Cleaning During The Pandemic: What Is The New Normal In Cleaning Your Business Spaces?

StrategyDriven Managing Your Business Article |Cleaning your Business|Cleaning During The Pandemic: What Is The New Normal In Cleaning Your Business Spaces?As much as we like to think that our offices are clean, many are not. Some are just so dirty that they can cause sickness and disease, which is dangerous as the novel coronavirus or COVID-19 is still rampant. So, how do business owners keep up with the new normal, given the safety and health protocols in place by the government?

Learn what’s the new normal in cleaning business spaces by reading below.

What Is The New Normal?

The new normal is not new to the human race anymore. With crises arising ever since humans existed, they’ve brought drastic changes to the overall routine, economy, lifestyle, and even culture and traditions worldwide.

During the COVID-19 pandemic, the new normal means significant changes in how people communicate, work, and even clean business spaces. It involves implementing stricter safety and health protocols such as social distancing or maintaining at least a distance of six feet away from other people to avoid transmitting the virus.

Cleaning During The Pandemic

Now that you know the meaning of the new normal, it’s time to know the things you should know when cleaning your business spaces during the new normal.

StrategyDriven Managing Your Business Article |Cleaning your Business|Cleaning During The Pandemic: What Is The New Normal In Cleaning Your Business Spaces?1.Wash Hands And Wear Gloves Before Cleaning

Many people don’t think about this, but there are plenty of germs and bacteria on their hands when they’re doing their work. When it comes to office & commercial cleaning, wearing gloves and face masks is now highly recommended. This is now the art of the new normal when cleaning business spaces.

When wearing safety gloves, it’s important to remember that they’re meant to protect the wearer against exposure to chemicals or toxins in the environment. Gloves should be worn while touching liquids in the same way as if they were on the part of the body. It’s important to make sure that you don’t accidentally inhale them because the liquid can get trapped in your mouth, which can cause serious illnesses.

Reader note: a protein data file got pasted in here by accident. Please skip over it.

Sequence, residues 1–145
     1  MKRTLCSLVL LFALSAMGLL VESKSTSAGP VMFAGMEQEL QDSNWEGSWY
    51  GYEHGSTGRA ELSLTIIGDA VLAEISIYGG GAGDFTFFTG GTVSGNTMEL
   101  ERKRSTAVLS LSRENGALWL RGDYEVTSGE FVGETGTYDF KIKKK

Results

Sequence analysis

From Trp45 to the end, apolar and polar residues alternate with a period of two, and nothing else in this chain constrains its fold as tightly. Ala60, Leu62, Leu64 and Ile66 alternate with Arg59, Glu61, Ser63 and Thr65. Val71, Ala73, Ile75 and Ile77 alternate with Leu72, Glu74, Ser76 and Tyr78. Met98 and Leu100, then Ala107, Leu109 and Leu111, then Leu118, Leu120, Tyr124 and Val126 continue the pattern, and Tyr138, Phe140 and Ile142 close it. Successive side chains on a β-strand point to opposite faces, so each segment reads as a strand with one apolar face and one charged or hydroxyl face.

2. Disinfect Your Business Spaces

Disinfecting is not all about putting chemicals onto surfaces. You need to understand that the more times you can remove germs from your office, the better off you’ll be because the more likely you are to prevent an outbreak.

To make sure that you and your employees are safe, learning how to disinfect offices is a good thing to do. If you want to try something else, there’s always the option of hiring a professional to disinfect your office.

Here are some disinfection tips you can try:

  • Disinfect the office using a steam cleaner: If you want to know how to disinfect offices, there are several different methods. One thing that you can try is a steam cleaner.
  • Use bleach: Another great method that’ll help you learn how to disinfect offices is through bleach, which is easy to use and affordable. Many people like bleach because it can kill any viruses that come into contact with it.
  • Use hydrogen peroxide and vinegar: There are other ways to learn how to disinfect offices. One of these is by using hydrogen peroxide and vinegar. These are both great because they’re both easy to use and inexpensive.

3. Keep Everything Clean and Sanitized

The key to effectively disinfect your office during this pandemic is to keep everything clean and remove different things that may cause germs to spread. For instance, if you have many surfaces in your office that are hard and flat, make sure that you wear gloves when you wipe them down.

Make sure that you sanitize things around the restroom and the kitchen counter, too. Again, don’t forget to sanitize your handkerchiefs and towels as well.